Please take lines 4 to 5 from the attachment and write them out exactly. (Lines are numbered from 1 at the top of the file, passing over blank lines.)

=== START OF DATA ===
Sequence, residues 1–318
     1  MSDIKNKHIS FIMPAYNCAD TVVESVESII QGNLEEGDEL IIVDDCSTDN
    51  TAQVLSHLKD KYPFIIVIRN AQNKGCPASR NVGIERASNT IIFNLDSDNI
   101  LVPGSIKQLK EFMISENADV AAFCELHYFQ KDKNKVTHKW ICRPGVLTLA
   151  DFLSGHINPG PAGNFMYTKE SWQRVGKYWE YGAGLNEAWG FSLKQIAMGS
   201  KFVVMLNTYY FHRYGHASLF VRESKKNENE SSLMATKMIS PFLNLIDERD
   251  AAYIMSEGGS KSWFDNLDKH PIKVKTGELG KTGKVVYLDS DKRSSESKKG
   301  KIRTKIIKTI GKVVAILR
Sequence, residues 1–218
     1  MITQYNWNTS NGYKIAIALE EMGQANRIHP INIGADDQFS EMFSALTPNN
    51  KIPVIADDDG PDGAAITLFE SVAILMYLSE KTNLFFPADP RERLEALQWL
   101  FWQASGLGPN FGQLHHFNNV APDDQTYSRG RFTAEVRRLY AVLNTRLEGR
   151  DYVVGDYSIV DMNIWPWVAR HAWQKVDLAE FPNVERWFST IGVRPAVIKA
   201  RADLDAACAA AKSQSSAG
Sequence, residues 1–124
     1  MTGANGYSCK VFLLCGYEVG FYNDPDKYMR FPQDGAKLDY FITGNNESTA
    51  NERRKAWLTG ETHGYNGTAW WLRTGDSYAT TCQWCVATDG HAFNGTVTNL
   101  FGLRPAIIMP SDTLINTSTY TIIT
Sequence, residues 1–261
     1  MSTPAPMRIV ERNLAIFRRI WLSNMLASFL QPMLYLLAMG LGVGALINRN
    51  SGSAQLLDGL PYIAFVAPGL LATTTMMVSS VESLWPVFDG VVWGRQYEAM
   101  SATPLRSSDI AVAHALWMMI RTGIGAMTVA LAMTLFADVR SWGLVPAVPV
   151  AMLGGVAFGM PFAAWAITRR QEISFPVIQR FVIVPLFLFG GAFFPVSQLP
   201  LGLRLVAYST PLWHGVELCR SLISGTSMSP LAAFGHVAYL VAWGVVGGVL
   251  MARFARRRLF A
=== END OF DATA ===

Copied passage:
   101  LVPGSIKQLK EFMISENADV AAFCELHYFQ KDKNKVTHKW ICRPGVLTLA
   151  DFLSGHINPG PAGNFMYTKE SWQRVGKYWE YGAGLNEAWG FSLKQIAMGS